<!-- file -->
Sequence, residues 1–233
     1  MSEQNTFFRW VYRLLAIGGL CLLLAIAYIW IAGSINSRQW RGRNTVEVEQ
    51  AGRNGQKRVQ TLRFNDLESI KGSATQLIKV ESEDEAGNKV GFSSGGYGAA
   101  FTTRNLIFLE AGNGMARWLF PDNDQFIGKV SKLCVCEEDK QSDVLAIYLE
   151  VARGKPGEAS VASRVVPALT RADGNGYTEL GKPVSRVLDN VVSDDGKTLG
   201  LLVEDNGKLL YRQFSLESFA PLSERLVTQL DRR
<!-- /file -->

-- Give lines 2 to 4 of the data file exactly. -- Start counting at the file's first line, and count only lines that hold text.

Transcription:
     1  MSEQNTFFRW VYRLLAIGGL CLLLAIAYIW IAGSINSRQW RGRNTVEVEQ
    51  AGRNGQKRVQ TLRFNDLESI KGSATQLIKV ESEDEAGNKV GFSSGGYGAA
   101  FTTRNLIFLE AGNGMARWLF PDNDQFIGKV SKLCVCEEDK QSDVLAIYLE